We would've liked to hear more about this on Fast Money, but birthday girl (on Thursday) Melissa Lee, as she's likely to do whenever a quasi-political subject is introduced, jumped in and said "Something tells me this is a debate we could be having all night long," which means cut to the next topic.

Check please, says Herb

Herb Greenberg is on the warpath about another high-flying stock, Open Table.

Greenberg questioned the quality of the earnings but said most importantly, "This is all about a company that's changing its business model." He said it's using a new method that "in effect is free to restaurants unless customers use it," and "that suggests the company is reaching for growth."

Joe Terranova, who was an impressive voice of reason Thursday, countered that "Whether it's shorts covering or not, you have to respect the price action. Stock made a 52-week high. So keep that in mind if you want to step in here," Terranova said.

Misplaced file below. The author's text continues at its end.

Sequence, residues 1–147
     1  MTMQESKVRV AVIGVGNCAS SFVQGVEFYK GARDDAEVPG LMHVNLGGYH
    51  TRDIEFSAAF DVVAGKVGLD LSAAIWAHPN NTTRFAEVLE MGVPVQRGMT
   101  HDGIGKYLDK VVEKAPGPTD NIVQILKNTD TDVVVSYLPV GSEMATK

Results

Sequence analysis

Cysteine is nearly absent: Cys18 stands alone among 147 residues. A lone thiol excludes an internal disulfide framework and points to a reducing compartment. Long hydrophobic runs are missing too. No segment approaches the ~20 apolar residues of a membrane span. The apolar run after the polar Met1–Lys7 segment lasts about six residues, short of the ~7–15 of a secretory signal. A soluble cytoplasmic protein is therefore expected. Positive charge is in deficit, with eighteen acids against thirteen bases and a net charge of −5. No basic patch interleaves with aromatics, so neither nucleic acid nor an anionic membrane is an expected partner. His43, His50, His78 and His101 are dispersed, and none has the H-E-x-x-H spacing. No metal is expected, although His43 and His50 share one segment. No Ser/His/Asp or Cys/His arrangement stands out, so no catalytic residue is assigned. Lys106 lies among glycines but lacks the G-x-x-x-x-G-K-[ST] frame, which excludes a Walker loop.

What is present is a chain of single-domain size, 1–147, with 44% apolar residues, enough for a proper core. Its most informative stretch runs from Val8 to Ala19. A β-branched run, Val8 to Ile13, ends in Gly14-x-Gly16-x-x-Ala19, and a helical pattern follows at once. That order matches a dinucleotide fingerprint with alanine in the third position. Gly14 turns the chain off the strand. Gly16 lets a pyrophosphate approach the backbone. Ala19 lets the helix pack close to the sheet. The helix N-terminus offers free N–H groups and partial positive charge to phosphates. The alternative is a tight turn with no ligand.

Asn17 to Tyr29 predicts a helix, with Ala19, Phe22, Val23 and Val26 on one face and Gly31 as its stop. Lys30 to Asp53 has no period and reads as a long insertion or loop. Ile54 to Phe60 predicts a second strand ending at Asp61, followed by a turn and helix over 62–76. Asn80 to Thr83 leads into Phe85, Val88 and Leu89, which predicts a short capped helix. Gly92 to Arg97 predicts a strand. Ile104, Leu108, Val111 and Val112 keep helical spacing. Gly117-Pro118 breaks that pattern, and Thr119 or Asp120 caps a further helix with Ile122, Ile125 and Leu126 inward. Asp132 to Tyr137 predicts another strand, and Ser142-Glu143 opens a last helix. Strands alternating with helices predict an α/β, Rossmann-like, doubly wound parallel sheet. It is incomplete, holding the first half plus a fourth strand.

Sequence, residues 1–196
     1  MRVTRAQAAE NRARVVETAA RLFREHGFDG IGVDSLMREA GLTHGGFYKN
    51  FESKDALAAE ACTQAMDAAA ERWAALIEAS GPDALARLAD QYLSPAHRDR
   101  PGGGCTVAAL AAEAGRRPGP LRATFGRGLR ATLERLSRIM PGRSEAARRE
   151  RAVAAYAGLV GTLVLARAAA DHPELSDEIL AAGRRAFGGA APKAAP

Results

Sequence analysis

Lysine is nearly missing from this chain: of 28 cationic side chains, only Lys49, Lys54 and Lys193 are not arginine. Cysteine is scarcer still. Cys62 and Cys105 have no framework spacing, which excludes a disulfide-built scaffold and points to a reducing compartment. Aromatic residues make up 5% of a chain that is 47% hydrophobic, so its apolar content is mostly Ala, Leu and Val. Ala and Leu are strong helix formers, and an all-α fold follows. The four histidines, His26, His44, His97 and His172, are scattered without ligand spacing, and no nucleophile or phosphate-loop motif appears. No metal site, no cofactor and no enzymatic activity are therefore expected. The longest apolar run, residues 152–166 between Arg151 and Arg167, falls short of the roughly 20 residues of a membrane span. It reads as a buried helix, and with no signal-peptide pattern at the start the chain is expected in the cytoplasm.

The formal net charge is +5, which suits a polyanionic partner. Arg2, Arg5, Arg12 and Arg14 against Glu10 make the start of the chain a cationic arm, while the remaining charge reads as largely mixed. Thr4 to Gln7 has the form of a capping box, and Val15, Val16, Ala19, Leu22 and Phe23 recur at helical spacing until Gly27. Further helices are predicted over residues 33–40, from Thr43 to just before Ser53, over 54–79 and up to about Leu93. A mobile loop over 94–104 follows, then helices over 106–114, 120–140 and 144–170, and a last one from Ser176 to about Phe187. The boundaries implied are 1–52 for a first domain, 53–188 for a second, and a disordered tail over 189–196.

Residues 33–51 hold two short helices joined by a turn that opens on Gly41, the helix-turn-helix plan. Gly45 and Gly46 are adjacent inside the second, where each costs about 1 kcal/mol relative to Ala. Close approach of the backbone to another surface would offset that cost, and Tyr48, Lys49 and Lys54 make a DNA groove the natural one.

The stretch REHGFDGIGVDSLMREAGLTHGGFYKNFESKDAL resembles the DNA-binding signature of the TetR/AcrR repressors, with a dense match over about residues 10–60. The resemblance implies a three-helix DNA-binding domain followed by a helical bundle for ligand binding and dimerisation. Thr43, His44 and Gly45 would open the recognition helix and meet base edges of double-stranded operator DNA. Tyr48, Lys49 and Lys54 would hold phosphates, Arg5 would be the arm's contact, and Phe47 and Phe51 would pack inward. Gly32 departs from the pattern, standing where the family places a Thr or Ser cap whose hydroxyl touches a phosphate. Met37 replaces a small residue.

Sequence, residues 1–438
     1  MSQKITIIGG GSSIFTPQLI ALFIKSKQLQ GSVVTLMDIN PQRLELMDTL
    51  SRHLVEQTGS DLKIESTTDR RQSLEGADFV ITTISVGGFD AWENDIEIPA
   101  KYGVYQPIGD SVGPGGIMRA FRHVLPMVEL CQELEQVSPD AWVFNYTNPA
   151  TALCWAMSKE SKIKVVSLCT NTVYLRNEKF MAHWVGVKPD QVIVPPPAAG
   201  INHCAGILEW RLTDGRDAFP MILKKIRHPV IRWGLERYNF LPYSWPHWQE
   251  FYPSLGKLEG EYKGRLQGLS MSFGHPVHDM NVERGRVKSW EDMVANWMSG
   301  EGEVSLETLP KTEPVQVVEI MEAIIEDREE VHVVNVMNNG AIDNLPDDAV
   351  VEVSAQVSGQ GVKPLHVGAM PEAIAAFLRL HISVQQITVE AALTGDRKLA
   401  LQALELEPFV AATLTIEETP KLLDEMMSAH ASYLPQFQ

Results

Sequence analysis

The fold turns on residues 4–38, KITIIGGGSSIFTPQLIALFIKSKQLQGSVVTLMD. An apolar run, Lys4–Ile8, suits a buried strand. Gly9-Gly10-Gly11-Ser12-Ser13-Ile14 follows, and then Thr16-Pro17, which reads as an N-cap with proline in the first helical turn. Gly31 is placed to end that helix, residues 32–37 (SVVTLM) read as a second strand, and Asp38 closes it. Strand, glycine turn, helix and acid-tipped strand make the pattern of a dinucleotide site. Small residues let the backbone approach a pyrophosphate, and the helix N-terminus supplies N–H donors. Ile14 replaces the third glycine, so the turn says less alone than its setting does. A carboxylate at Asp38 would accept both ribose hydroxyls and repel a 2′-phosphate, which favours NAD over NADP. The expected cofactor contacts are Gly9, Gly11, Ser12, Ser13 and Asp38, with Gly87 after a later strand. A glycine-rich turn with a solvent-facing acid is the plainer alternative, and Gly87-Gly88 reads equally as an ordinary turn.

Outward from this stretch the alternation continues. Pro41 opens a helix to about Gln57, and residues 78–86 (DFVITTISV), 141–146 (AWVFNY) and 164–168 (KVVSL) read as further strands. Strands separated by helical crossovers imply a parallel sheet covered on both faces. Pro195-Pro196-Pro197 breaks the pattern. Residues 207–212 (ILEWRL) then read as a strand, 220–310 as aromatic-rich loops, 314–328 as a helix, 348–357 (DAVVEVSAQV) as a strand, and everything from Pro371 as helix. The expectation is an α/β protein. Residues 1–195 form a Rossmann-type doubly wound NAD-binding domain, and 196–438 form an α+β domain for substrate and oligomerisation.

Guy Adami joked that he had no clue how Open Table worked, and he always thought the best way to get a table was to "grease the maitre d'" and hand him a $20 bill.

Don’t go around,
breakin’ young girls’ hearts...

Brian Kelly, handling Fast Money's new "Chart Center" Wednesday, proved to be Mr. Unflappable and was so good at it, his giggling colleagues probably didn't even notice.

Kelly showed off the new screens — which honestly aren't really that interesting but fit the new evolving decor at Englewood Cliffs — with panache and even neatly did a casting gesture to show how the charts come up; "It's like I'm fishing," Kelly said, causing Pete Najarian to howl.